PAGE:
Inhaled formoterol impairs aerobic exercise capacity in endurance-trained individuals: a randomised controlled trial

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The 2022 asthma guidelines emphasise inhaled long-acting beta2-agonist formoterol as part of first treatment step, and therefore formoterol use among athletes will likely increase. However, prolonged supratherapeutic use of inhaled beta2-agonist impairs training outcomes in moderatelytrained men. Here, we investigated whether inhaled formote rol, at therapeutic doses, imposes
detrimental effects in endurance-trained individuals of both sexes.

Fifty-one endurance-trained participants (31/20 male/female; maximal oxygen
consumption (VO2max): (mean±SD) 62±6/52±5 mLO2/min/kg) inhaled formoterol (n=26, 24 µg) or placebo (n=25) twice-daily for 6 weeks. At baseline and follow-up, we assessed VO2max and incremental exercise performance during a bike-ergometer ramp-test, body composition by DualEnergy-X-ray-absorptiometry, muscle oxidative capacity by high-resolution mitochondrialrespirometry, enzymatic activity assays and immunoblotting, intravascular volumes by carbonmonoxide rebreathing, and cardiac left ventricle mass and function by echocardiography.
Compared to placebo, formotero increased lean body mass by 0.7 kg (95%Cl: 0.2 to 1.2, treatmentxtrial p=0.022), but decreased VO2max 5% (treatment×trial p=0.013) and incremental exercise performance 3% (treatment×trial p<0.001). Formoterol also lowered muscle citrate synthase activity 15% (treatment×trial, p=0.063), mitochondrial complex-II and III content (treatment×trial p=0.028 and p=0.007, respectively), and maximal mitochondrial respiration through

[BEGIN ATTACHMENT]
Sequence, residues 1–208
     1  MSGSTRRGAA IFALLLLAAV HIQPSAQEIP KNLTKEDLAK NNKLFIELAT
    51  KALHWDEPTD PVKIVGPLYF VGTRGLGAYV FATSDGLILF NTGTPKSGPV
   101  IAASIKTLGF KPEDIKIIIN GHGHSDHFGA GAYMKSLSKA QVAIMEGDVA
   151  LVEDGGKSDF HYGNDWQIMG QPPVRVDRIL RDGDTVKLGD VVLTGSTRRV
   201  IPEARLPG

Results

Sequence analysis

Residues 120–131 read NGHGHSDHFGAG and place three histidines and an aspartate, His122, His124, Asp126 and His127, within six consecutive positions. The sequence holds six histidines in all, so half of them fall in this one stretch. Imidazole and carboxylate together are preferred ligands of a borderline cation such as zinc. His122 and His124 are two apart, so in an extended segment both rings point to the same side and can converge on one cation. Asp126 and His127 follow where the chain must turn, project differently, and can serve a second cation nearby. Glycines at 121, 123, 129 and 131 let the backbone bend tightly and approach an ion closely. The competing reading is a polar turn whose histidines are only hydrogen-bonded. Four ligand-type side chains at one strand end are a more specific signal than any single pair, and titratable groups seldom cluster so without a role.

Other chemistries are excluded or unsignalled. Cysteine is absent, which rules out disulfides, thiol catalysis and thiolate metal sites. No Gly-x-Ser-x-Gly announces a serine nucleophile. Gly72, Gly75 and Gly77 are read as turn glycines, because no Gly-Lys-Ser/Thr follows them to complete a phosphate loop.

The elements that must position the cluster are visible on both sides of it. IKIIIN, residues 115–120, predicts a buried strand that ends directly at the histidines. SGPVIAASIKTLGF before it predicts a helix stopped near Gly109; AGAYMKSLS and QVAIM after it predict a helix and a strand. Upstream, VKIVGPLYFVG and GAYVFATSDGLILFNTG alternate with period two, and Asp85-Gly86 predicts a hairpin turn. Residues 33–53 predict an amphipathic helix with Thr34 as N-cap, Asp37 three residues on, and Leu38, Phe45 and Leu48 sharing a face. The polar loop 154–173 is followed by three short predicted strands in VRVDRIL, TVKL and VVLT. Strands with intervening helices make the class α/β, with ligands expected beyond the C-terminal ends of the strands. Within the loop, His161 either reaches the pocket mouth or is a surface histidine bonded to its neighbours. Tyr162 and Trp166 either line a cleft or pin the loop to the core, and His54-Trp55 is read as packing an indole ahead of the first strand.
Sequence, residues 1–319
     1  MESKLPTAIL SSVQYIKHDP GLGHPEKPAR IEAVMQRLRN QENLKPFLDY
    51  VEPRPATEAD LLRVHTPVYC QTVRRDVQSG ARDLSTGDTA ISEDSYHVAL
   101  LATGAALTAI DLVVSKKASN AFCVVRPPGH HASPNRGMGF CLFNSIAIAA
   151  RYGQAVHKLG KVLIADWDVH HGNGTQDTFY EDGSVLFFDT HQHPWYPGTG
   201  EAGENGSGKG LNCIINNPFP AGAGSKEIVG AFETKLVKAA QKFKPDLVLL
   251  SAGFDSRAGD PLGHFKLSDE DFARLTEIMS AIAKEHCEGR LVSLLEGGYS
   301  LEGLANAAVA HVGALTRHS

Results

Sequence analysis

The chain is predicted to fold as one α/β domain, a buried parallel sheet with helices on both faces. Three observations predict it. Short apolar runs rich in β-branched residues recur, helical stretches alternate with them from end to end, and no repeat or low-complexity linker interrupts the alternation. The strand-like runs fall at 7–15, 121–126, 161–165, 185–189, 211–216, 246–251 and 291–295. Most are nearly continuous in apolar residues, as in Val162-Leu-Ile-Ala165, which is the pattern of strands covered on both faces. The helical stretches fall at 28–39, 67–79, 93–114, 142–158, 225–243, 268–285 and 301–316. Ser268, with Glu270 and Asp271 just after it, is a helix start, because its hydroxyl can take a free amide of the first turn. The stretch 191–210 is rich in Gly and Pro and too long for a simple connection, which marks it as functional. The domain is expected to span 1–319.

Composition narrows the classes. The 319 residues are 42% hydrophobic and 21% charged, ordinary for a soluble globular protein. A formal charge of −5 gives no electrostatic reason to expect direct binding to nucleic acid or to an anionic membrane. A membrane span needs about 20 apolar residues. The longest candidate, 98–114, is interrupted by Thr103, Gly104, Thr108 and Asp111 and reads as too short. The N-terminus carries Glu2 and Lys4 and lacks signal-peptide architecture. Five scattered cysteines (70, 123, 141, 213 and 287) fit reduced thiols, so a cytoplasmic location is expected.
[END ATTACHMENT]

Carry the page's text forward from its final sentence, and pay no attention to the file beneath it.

complex-I and I+II by 14% and 16% (treatment×trial p=0.044 and p=0.017, respectively). No apparent changes were observed in cardiac parameters and intravascular blood volumes. All effects were sexindependent.
Our findings demonstrate that inhaled therapeutic doses of formoterol impair aerobic exercise capacity in endurance-trained individuals, which is in part related to impaired muscle mitochondrial oxidative capacity. Thus, if low-dose formoterol fails to control respiratory symptoms in asthmatic athletes, physicians may consider alternative treatment options.
Original languageEnglish
Journal ERJ Open Research
Publication statusAccepted/In press - 26 Jan 2023

    Research areas

  • Faculty of Science - Endurance-trained athletes, Asthmatic athletes, Airway treatment, Inhaled formoterol, Pharmaceutical use, Increased aerobic exercise performance

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